In Greek legend and literature, the Cyclops, the one-eyed monstrous giants were considered as the children of Uranus, the personification of the sky or heavens, and Gaea, the earth. They were known to be the workmen of the God Hephaestus, whose workshop was in the heart of the volcanic mountain Etna. Their name is also spelt as Cyclopes and different stories about them mainly appear in the works of Hesiod, an ancient Greek poet generally thought to have been active between 750 and 650 BC and Homer, the presumed author of the Iliad and the Odyssey, the two epic poems that are the central works of ancient Greek literature. While the Cyclops and their role in the war of Titanomachy was depicted in Hesiod’s Theogony, Cyclops and the encounter between Polyphemus and Odysseus is told in Homer’s Odyssey.
Hesiod in his ‘Theogony’ mentioned three Cyclops, Arges (Thunderer), Steropes (Lightner), and Brontes (Vividly Bright), the immensely strong sons of Uranus and Gaea with a single eye in the middle of their foreheads, who were some of the earliest gods, born after the Titans. However, as Uranus apprehended that his sons will ultimately overthrow and kill him, he imprisoned the hundred-handed Hecatonchires and the one-eyed Cyclopes in Tartarus, the Underworld. This enraged Gaea and to teach him a lesson, she created a great stone sickle and persuaded her sons to castrate their father. Instigated by his mother, Cronus castrated and overthrew his father Uranus, established himself as the supreme ruler of all gods, but did not release the Hecatonchires and the Cyclopes and commanded the dragon Campe to guard them.
However, Cronus was also scared of his children, as his father Uranus predicted that, one day one of his sons would overthrow him. Consequently, he consumed all the children immediately after their birth, except Zeus, who was tactfully saved by his mother. Ultimately, Zeus released the imprisoned Cyclopes and the Hecatoncheires and all of them fought together along with Zeus in the war of Titanomachy, the war between the old generation of Greek gods and the Olympian gods, led by Zeus, in which the Olympians successfully drove their opponents into the pit of Tartarus.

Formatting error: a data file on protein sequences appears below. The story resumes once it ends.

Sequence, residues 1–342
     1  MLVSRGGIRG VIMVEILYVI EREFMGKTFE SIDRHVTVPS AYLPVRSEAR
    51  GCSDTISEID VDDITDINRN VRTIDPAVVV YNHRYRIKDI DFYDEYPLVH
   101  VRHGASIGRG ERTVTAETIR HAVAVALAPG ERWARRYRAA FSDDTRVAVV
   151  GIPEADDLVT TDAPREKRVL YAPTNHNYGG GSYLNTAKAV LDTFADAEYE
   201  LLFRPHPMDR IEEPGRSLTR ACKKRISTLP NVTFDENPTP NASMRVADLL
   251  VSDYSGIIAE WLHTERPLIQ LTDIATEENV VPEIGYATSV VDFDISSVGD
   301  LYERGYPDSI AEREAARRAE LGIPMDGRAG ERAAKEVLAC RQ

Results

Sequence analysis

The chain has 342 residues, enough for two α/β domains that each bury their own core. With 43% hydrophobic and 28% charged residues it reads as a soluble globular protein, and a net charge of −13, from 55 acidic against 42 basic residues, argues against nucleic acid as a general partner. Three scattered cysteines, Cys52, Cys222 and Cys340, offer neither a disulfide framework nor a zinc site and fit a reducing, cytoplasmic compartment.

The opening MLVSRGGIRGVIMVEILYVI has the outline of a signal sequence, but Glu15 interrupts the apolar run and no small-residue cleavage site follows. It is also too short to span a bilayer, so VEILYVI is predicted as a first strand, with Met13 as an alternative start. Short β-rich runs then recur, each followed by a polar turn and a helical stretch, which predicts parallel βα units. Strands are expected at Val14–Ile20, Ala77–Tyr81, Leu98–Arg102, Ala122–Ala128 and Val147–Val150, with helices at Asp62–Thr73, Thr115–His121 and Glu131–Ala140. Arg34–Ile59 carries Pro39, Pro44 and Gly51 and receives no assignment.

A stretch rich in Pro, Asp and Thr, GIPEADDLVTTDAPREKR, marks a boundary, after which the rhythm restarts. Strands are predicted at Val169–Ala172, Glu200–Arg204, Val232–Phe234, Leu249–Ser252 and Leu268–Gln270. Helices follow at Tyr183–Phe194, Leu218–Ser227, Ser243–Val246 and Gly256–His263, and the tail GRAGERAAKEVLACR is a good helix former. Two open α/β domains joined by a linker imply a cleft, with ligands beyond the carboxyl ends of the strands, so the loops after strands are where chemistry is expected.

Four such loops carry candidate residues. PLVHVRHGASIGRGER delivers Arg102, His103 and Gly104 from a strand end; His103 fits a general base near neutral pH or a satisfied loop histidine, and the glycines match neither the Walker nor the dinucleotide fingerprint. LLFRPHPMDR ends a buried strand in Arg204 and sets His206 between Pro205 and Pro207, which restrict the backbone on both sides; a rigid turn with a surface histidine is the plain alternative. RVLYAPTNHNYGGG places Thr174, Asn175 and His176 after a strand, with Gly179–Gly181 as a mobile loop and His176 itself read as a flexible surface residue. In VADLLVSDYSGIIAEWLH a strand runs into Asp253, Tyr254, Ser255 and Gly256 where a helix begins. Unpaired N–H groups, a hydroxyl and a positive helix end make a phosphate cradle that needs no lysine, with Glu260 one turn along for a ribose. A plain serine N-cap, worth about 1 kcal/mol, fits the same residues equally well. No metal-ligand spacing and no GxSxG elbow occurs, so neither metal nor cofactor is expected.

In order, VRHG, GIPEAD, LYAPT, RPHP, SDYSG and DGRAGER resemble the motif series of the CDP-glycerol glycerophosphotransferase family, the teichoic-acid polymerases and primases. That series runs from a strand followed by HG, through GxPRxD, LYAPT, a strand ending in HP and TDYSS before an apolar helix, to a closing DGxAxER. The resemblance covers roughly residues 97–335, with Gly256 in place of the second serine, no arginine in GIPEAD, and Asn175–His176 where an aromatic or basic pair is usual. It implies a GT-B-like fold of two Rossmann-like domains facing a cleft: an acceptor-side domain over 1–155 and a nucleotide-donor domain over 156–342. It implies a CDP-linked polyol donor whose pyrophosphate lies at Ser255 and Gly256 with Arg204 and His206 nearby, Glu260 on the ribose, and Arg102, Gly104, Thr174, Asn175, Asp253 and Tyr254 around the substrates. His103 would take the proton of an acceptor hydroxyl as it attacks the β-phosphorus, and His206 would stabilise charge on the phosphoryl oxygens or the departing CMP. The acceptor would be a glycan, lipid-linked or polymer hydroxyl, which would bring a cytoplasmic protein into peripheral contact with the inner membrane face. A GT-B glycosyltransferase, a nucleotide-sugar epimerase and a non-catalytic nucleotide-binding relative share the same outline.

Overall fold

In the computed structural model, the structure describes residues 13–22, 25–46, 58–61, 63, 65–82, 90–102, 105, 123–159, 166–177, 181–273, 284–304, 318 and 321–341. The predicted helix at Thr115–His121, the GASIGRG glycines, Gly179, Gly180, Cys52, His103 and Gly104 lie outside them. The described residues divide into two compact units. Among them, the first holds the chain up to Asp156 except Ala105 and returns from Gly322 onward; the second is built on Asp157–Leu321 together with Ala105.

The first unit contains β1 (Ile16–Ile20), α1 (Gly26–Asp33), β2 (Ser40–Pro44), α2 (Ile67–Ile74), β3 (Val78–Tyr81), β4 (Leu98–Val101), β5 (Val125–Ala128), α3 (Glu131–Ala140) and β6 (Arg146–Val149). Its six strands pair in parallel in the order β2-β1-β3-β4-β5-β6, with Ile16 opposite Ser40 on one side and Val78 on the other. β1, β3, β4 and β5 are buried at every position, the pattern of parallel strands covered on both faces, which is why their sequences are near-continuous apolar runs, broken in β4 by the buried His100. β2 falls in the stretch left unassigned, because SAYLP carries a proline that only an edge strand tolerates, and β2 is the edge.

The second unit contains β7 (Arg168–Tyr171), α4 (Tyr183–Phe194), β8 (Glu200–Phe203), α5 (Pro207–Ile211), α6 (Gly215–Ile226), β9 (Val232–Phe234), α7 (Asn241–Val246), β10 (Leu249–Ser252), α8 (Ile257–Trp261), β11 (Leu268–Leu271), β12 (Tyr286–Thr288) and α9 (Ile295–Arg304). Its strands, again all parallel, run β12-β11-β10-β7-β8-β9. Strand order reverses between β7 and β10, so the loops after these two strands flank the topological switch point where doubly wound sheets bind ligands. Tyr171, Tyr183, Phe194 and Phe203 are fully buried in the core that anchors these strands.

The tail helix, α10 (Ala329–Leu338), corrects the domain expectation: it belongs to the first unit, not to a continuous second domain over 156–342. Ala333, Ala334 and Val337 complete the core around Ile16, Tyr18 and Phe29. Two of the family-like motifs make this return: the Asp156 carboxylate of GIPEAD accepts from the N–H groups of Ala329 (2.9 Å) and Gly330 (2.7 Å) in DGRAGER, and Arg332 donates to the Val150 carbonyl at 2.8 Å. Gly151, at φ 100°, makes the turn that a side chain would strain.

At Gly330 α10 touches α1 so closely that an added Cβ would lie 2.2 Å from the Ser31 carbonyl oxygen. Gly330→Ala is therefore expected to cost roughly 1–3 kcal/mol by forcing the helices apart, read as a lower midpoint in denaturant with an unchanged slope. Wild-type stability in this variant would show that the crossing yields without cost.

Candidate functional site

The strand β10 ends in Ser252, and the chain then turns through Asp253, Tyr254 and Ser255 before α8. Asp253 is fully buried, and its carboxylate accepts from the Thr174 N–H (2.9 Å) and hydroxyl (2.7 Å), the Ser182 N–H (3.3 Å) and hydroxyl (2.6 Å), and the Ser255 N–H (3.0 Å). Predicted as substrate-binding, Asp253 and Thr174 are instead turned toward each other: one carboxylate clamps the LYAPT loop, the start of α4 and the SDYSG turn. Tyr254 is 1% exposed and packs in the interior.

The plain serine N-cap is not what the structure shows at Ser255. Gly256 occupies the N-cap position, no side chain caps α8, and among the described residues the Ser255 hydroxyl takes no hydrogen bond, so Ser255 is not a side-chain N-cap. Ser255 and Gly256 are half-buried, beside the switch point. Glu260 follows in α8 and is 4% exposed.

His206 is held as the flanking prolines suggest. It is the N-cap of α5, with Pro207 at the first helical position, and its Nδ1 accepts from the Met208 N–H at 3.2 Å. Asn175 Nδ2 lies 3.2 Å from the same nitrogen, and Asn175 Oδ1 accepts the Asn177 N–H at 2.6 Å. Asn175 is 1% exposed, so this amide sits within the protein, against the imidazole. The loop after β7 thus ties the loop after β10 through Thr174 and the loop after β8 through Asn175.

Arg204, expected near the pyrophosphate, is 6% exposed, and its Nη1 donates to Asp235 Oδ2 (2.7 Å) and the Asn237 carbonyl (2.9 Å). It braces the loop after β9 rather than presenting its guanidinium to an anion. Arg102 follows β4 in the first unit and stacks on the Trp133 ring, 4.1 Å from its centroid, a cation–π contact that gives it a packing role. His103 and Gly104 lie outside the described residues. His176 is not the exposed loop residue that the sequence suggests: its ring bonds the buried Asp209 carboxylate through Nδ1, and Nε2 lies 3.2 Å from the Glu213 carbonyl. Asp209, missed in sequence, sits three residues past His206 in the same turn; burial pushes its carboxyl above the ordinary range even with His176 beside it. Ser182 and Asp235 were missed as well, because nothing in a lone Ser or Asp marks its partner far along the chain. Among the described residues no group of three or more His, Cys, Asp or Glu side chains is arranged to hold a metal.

In the said war, Zeus used the thunderbolts as his weapon, which were created by the Cyclopes, the workmen of the God Hephaestus. They also forged a trident for Poseidon and the Helmet of Darkness for Hades. Apart from that they were credited with making the altar at which Zeus and his allies swore allegiance before that war. Eventually, the altar was placed in the sky, as the constellation known as Ara, which stands for Altar in Latin.
Legend says, the Cyclops brothers were killed by the Sun god Apollo, after they struck his son, or were wrongly blamed for striking his son Aesculapius with lightning.
Besides Hosiod’s Theogony, the Cyclops also appears in Homer’s Odyssey, where they were depicted as sons of Poseidon, but share with Hesiod's Cyclopes immensity, strength, and the single eye. However, in Homer’s epic, the Cyclops were shepherds, not metalworkers. When Odysseus and his crew landed on the island of Sicily, resided by the Cyclops and led by the man-eating giant Cyclops Polyphemus, the sailors discovered Polyphemus' cave, in which he stored enormous numbers of crates of cheese, as well as pens full of lambs. As the owner of the cave was out with his sheep and goats, Odysseus insisted his men not to steal and run away, but to wait and meet the owner. When Polyphemus returned, he drove his flocks into the cave and closed the mouth of the cave, moving a mighty boulder across the entrance.
The sailors did not know that Polyphemus was a man-eating monster and when he found the unknown men in the cave, he seized two of them, dashed their brains out and ate them for supper. The next morning, he killed and ate another two men for breakfast and then drove the sheep out of the cave blocking the entrance behind him. As they were entrapped in the cave, Odysseus had no option but to devise a quick escape plan. In the evening, when the monster returned to his cave, Odysseus offered him some very powerful wine, which made him intoxicated. The sailors took the opportunity and gouged out his eye with a sharpened stick. The next morning, when Polyphemus opened the cave to take his flock out to the fields, Odysseus and his men secretly clinging under the bellies of the animals and thus escaped from the other Cyclops.